Ukraine conflict: Russia faces more sanctions, warns G7

Vladimir Chizhov, Russia's ambassador to EU: "The Russian economy has been through challenges like this and it will survive"

G7 leaders say Russia will face further economic sanctions if it continues to support rebels in Ukraine.

The group of leading industrialised nations said Russia had undermined "Ukraine's sovereignty, territorial integrity and independence."

The warning came after the EU added eight more Russians to its sanctions.

Earlier, Russia described new US and EU sanctions as "destructive and short-sighted", and said they would lead to higher energy prices in Europe.

The G7 group of economic powers includes the United States, Japan, Germany, Britain, France, Italy and Canada.

Its leaders said Russia could still "choose the path of de-escalation", but warned President Vladimir Putin that he would face greater economic costs if he continued to back Ukrainian separatists.

Land mine accusations

The leaders also called on all sides to establish a ceasefire at the crash site of the Malaysian Airlines jet that was shot down on 17 July in eastern Ukraine.

Heavy fighting between Ukrainian forces and pro-Russia rebels around Donetsk has prevented international experts from reaching the plane crash site.

Ukrainian military spokesman Andriy Lysenko accused the rebels of planting landmines near the crash site. The claim could not be independently verified.

Russia has come under increased pressure to end its support for the rebels, who Western governments believe were behind the downing of MH17, killing all 298 people on board.

Russian President Vladimir Putin chairs a Cabinet meeting in Moscow - 30 July 2014 President Putin must change his policy in Ukraine or face the economic consequences, the G7 has warned

Mr Putin has also been accused by the US and EU of supplying heavy weapons to the rebels - a charge his government has denied.

New US sanctions

On Tuesday, the US announced new economic sanctions against Russia, widening their scope to include three key sectors of the economy - energy, arms and finance.

The EU is also expanding its sanctions, targeting the oil sector, defence equipment and sensitive technologies.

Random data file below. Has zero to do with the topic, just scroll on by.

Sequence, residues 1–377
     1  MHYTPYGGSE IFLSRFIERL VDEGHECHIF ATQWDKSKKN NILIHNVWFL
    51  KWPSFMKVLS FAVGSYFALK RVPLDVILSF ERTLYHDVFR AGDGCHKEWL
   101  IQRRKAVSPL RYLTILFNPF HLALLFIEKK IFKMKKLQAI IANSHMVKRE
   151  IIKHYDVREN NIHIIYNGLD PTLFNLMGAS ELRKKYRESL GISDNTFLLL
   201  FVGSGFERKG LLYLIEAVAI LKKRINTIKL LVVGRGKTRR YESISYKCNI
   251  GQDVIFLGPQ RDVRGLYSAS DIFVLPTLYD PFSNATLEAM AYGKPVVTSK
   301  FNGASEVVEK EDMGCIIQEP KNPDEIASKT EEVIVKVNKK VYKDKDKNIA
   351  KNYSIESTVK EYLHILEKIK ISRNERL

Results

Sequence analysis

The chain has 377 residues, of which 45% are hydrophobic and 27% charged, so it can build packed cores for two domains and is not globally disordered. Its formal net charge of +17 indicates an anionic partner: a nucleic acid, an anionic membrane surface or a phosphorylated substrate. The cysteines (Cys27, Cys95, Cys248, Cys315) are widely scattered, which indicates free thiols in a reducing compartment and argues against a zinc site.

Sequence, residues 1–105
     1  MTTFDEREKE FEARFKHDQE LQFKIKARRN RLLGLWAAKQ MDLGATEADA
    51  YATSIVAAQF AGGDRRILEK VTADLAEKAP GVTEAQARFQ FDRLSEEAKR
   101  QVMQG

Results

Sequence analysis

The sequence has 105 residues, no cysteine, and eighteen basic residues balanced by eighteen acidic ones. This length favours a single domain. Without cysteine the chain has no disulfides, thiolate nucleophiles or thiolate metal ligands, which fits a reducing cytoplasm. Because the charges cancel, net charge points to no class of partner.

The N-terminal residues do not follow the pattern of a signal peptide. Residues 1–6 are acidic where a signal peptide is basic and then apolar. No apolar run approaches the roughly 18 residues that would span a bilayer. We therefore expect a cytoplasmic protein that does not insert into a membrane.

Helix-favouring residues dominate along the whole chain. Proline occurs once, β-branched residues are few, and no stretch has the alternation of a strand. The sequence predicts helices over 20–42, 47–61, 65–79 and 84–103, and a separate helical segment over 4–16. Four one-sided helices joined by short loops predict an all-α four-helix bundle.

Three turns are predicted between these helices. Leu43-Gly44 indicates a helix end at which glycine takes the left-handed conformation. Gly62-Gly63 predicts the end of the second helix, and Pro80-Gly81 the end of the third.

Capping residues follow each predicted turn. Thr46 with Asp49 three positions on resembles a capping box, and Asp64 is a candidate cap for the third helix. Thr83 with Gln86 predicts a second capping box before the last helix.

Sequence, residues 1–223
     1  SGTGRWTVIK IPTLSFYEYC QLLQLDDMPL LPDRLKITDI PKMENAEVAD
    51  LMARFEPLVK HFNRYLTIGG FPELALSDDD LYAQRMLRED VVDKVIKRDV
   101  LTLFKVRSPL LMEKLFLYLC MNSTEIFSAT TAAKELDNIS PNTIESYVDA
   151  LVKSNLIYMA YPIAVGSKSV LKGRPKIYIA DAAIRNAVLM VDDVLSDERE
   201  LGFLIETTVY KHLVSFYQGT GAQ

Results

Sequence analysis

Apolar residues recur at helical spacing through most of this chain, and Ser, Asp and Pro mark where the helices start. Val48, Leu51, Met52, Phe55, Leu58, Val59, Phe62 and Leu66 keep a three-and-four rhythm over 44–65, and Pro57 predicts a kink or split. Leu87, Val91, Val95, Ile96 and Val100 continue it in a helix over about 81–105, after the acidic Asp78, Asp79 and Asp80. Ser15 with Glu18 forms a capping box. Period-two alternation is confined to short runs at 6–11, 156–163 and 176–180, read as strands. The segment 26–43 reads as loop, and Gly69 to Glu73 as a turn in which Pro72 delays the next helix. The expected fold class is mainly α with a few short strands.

Several members of Mr Putin's inner circle are among the eight people the EU announced it was adding to sanctions on Wednesday.

They include Arkady Rotenberg, Mr Putin's former judo sparring partner and a major shareholder in the civil engineering company Giprotransmost. The company has received a public contract to conduct a study on building a bridge from Russia to Crimea, the EU said.

Another added to the EU's list is Yuri Kovalchuk, chairman of the Rossiya bank and a long-standing friend of the president.

A total of 95 people and 23 entities have now been hit with EU-wide asset freezes and travel bans.

Further details of the new EU sanctions are due to be published on Thursday.

'Aggravating relations'

Russia's foreign ministry called the EU's move "thoughtless and irresponsible" and said it would "inevitably" lead to higher energy prices in Europe.

"By going on a sanctions spree, Brussels, by its own will, is creating barriers for further cooperation with Russia in such a key sphere as energy," the statement said.

It also labelled new US sanctions as "destructive and short-sighted" and warned that they would aggravate relations between the two countries.

In other developments in Ukraine on Wednesday:

  • The Ukrainian army said it seized the key town of Avdiivka near the rebel stronghold of Donetsk
  • Regional officials in Donetsk said that 19 people had been killed in fighting in the past 24 hours
Ukrainian soldiers advancing through the countryside in Donetsk region - 30 July 2014 Ukraine's army continued its offensive against rebels on Wednesday, taking controls of several towns
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Russian press reacts to sanctions
  • "The Russian authorities have been responding chaotically to emerging threats by taking instant ad hoc measures, but failing to calculate their systemic consequences" - Nezavisimaya Gazeta
  • "Sources in Russian diplomatic circles say the Russian leadership hopes that the sectoral sanctions will be considerably less stringent when approved at the top level" - Kommersant
  • "It is possible to say now that the Russian authorities mistakenly believed that Europeans would not risk introducing sectoral sanctions for fear that they might backfire" - Novyye Izvestiya
  • "Russia is different not only because its economy is much more integrated into the world one. Russia is a nuclear power and a member of the World Trade Organization, which limits the possibility of pressure" - Vedomosti
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